What are the signs of an economic downturn?

Knowing your industry isn't the same as knowing your economy. While there can be signs of economic downturn within your sector that are clear and present, identifying the red flags for the overall New Zealand economy can be a little more difficult. Headlines often expand the truth as far as possible to garner clicks, while fluctuations in economic indicators can often be a natural oscillation rather than doom and gloom.

However, NZ enterprise operators can trust in certain signs. Pay attention to these, and you may be able to stay abreast of financial difficulty down the line. 

1) Trading partner adversity

The term adversity here can apply broadly. It may be something as pronounced as the Greek government debt crisis of the early 2010s, or a country failing to meet major trade requirements. 

For local industry, the result of other economies struggling is typically lower export receipts and higher import costs. Recently, the New Zealand dollar has weakened against NZ trading partners well while major trade partners have remained stable, which results in increasing import prices. Should that pattern continue, enterprises could see these costs rise quickly, harming their bottom line and ability to trade unless the increased costs can be passed on to customers.

Government intervention in areas like our primary industries can signal downturn in many ways.When trade partners struggle, the negative impact extends to local exporters' and importers' bottom line.

2) Credit conditions

Government is not the only source of financial stimuli for business. But when lending conditions prove difficult, it can be a sign of pending economic downturn. 

ANZ's Business Confidence Outlook for July 2018 paints a somewhat negative picture, with 45 per cent of respondents expecting conditions to worsen in the next 12 months. In particular, 37 per cent signalled it will become tougher for them to get credit. 

Lending restrictions are typically safeguards against risky investment - but they can also prove to be shackles for economic growth. 

At the same time, it's important for directors to be wary of 'too good to be true' lending conditions. Out of control lending practices can facilitate a market crash, and render financial institutions insecure - always something to watch out for.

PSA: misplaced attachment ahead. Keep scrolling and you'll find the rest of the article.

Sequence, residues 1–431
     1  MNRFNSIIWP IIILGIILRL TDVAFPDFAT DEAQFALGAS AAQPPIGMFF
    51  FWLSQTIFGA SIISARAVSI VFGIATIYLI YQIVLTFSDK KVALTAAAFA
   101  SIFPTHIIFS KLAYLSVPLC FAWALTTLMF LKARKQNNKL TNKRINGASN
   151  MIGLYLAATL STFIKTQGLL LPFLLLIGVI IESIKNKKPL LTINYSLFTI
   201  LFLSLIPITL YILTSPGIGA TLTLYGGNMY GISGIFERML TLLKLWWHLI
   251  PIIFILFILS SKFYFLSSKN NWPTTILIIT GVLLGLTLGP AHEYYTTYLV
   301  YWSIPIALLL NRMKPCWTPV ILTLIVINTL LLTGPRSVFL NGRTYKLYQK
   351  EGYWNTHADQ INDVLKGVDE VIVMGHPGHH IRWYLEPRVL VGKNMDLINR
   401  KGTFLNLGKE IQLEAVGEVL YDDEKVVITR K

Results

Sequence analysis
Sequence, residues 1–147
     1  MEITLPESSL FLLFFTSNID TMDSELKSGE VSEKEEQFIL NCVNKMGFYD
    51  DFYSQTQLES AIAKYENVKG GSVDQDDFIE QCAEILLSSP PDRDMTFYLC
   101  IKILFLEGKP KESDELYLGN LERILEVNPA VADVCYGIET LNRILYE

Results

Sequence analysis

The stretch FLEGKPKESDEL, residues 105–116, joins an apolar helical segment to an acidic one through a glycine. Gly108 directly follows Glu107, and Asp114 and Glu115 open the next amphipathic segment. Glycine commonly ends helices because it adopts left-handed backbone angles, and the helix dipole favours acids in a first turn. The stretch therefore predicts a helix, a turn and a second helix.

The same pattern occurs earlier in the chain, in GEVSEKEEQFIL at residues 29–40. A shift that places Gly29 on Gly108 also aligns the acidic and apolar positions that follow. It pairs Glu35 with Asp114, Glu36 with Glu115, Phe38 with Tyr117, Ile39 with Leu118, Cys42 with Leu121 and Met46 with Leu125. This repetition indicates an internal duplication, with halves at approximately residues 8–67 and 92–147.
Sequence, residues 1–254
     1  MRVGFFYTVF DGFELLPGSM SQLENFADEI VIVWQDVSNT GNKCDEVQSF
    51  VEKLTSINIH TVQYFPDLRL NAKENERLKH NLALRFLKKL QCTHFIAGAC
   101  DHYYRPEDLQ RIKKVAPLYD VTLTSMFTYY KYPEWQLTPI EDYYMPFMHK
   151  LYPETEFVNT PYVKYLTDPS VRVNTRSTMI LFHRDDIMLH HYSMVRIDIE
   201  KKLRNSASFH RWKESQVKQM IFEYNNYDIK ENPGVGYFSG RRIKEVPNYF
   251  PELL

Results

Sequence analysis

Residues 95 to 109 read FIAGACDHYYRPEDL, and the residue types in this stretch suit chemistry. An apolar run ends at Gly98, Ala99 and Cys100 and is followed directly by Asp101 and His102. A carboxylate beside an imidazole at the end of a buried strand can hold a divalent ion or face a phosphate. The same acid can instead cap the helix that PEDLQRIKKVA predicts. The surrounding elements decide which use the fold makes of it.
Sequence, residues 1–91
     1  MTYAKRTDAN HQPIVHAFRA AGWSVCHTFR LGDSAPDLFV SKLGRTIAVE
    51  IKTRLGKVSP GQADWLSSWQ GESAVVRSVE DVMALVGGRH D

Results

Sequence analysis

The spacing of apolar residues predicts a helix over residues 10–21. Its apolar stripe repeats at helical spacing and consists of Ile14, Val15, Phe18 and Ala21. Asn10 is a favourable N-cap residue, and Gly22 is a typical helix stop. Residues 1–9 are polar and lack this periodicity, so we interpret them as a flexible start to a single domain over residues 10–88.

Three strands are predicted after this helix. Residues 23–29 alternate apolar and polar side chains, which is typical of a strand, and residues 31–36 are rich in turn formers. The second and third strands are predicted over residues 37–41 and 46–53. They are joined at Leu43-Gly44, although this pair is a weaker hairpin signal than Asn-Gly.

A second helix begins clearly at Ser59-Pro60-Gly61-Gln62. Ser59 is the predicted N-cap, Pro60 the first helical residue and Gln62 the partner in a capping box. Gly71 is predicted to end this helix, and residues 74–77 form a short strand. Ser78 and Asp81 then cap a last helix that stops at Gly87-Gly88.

3) Rising commodity prices and costs

Locally, lower commodity prices tend to spell out less business revenue - which can have multiple negative impacts on the economy. 

First, lower revenue can dampen profits, unless businesses manage to cut costs significantly. With Statistics NZ showing the prices paid by producers went up by 4.2 per cent in the year to March 2018, that's unlikely to be the case.

There are two primary flow-on impacts from this. First, it becomes harder to retain or re-employ staff, and as a result industries start to shrink. Second, tax revenue from businesses drops, which curbs the government's ability to reinvest that money in infrastructure or growth projects. 

How does your business deal with the signs of a downturn?How does your business deal with the signs of a downturn?

4) Business confidence and uncertainty

If governments do not set a clear policy direction (or set one without reasoned analysis), it can breed a lack of certainty in the business sphere. After all, directors will not invest their company money into a future where it is not known or is likely to favour them.

While not directly responsible for economic downturn, this lower confidence and rising uncertainty can slow growth and spark even more negative business conditions.

While all of the above are factors that could have an impact on an individual business, if your enterprise is facing financial difficulty, it's important to seek assistance as quickly as possible. Contact the experts at McDonald Vague to see how we can help. 

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